During the past few years it has become increasingly commonplace for municipalities to issue serial bonds of various maturities with identical above-market coupons — usually 5%. Depending on prevailing interest rates, these bonds are sold at modest to substantial premiums over par. Since 2007, over 50% of large, longer-term bonds were of this type.

This trend is attributed to institutional investors’ preference for premium bonds over par bonds. Three reasons are often cited. First, the current yield of 5% bonds is higher. Second, if rates rise, premium bonds are less likely to fall below the de minimis discount level, where there is additional downward price pressure.

Third, assuming they are eligible, 5% bonds are more likely to be advance-refunded and thus rendered triple-A, with a commensurate price appreciation. Such bonds are particularly desirable because of the scarcity of triple-As following the decline of bond insurance.

For investors these are all good reasons to like premium bonds, and there is no obvious downside. But if you are a municipal treasurer, how should you view these bonds? Would they work for you as well as they do for the investors? Surprisingly the answer is a resounding yes.

Say you want to raise $100 million via conventional 30-year bonds — callable at par after 10 years and also eligible for advance refunding. Market levels indicate that you could issue $100 million of 4% bonds at par or $87 million of 5% bonds at 115 (3.23% yield to call). Let’s disregard for now the roughly $1 million in various issuance expenses

Treasury rates are at historical lows at present, but let’s pretend that they are above 4%. Then selling 5% bonds would make you look like a magician who produces savings out of thin air. How, you may ask? The answer is to immediately refund the 5% bonds with 4% bonds! The mechanics: sell $100 million of 4% bonds and use the proceeds to defease the $87 million of 5% bonds to their first call date, 10 years from now. The annual interest payments would decline by $350,000, to $4 million from $4.35 million, and the principal payment 30 years from now would increase by $13 million.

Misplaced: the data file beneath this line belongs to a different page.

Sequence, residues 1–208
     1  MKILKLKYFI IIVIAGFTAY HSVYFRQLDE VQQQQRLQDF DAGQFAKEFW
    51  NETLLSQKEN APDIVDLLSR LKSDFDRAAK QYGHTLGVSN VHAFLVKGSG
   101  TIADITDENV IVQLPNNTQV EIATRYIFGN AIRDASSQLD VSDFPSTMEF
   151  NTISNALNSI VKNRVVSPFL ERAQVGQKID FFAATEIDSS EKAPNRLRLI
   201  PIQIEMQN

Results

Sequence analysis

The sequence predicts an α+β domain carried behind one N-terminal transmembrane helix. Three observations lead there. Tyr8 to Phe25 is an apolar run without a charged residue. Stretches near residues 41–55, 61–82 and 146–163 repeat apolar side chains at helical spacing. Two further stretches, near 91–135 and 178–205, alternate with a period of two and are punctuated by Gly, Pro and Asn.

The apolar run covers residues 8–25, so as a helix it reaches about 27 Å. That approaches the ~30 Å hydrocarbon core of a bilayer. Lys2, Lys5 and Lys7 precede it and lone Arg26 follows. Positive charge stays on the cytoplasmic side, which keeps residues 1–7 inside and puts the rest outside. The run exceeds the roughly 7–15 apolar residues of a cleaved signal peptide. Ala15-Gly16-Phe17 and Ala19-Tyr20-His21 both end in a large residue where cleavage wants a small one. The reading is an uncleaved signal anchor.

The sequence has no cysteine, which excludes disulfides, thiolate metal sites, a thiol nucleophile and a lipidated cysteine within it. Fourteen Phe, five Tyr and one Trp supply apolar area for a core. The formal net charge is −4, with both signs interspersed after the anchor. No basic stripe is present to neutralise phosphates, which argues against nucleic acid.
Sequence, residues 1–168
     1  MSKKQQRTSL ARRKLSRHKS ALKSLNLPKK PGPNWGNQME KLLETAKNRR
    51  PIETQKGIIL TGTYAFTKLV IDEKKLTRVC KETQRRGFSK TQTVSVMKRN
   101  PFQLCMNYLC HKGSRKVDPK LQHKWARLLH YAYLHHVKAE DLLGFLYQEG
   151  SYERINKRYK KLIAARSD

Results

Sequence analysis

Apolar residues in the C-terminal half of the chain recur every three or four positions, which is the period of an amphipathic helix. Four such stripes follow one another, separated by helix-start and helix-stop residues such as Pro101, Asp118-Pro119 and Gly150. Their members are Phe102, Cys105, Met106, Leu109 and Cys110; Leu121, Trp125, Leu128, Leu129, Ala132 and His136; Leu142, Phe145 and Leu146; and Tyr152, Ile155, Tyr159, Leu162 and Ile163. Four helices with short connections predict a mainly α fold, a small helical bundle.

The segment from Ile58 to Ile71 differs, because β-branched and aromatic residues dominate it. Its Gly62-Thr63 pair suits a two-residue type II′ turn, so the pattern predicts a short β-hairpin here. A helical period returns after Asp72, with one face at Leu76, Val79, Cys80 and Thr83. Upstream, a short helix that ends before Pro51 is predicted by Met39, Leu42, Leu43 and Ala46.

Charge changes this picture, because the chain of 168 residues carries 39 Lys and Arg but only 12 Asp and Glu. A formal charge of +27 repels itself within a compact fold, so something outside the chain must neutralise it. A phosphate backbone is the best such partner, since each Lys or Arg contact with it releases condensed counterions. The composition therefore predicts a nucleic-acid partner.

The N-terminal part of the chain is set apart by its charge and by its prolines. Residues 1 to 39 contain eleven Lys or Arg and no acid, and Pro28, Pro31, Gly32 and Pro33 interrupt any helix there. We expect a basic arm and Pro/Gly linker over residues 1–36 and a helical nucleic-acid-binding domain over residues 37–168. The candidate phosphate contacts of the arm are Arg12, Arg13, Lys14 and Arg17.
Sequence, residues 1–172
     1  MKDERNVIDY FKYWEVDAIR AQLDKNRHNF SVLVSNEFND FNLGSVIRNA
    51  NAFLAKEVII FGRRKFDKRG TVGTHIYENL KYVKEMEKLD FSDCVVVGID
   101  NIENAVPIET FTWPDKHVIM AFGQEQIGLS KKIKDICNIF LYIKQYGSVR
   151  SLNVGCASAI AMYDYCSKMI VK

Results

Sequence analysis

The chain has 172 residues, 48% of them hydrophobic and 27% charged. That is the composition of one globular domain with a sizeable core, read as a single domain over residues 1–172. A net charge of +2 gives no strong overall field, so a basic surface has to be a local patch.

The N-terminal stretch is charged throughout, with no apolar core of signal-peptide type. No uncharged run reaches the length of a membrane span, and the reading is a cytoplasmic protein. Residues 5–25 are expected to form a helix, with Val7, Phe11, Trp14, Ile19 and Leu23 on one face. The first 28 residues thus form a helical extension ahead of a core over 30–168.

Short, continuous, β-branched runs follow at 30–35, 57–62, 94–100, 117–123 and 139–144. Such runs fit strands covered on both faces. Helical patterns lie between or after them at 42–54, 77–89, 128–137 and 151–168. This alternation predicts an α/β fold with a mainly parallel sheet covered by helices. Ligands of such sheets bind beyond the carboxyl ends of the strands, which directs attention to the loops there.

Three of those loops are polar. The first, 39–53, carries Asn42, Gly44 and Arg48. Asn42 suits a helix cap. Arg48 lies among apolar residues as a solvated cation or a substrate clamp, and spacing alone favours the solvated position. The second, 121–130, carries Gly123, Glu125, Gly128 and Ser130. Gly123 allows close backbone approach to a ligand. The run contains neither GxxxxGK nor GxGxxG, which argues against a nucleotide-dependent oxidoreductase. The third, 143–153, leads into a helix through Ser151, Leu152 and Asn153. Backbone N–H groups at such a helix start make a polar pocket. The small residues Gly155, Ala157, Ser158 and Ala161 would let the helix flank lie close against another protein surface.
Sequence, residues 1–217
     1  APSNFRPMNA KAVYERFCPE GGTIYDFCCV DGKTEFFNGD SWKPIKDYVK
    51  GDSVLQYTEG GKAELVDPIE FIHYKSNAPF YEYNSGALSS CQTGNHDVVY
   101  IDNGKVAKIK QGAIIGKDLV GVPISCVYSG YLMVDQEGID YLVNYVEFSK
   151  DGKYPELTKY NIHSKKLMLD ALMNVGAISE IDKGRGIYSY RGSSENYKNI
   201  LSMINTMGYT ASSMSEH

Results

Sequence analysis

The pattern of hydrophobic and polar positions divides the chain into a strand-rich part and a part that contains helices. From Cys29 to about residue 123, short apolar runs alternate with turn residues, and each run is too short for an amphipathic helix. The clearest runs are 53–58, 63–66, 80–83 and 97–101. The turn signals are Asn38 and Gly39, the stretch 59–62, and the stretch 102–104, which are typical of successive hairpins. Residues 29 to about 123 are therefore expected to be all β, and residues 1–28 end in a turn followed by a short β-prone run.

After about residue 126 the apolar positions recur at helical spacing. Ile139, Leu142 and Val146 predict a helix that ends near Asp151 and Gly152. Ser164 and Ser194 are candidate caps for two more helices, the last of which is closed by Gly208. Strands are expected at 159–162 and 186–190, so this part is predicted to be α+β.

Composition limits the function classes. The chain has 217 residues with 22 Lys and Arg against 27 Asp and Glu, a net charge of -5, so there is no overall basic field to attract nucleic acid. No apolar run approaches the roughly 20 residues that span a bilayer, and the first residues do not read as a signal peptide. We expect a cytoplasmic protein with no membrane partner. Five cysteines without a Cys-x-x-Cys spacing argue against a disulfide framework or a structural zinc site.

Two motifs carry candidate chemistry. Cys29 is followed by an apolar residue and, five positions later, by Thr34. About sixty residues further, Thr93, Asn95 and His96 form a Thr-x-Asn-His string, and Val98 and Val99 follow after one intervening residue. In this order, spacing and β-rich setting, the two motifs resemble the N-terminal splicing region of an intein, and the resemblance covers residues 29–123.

Discounting the resulting net cash flows at 4%, the TIC of the refunding bonds, results in present value savings of $2.1 million. The reader can do the math on the back of an envelope.

The $2.1 million savings amount to 2.4% of the outstanding $87 million principal.  While it doesn’t quite reach the GFOA-recommended 3% savings threshold for refunding, an interest rate decline of a mere 6 basis points would get you there. So you can do magic with 5% bonds — par bonds wouldn’t do the trick!

Critical readers will notice that we have glossed over a couple of minor details. Refunding entails transaction costs — roughly $1 million in our example. Also, the 4% refunding bonds would not be eligible for advance refunding. Fortunately, nobody gets fired in muni finance for “saving money.” Never mind that now there are two tax-exempt issues outstanding, instead of one, supporting the same project — not exactly what Uncle Sam intended when granting tax-exempt funding.

On the other hand, the $1 million transaction fee will spread joy in the municipal finance community — underwriters, legal counsel, financial advisors, rating agencies and others. The moral of the story: coupon levitation creates magical savings.

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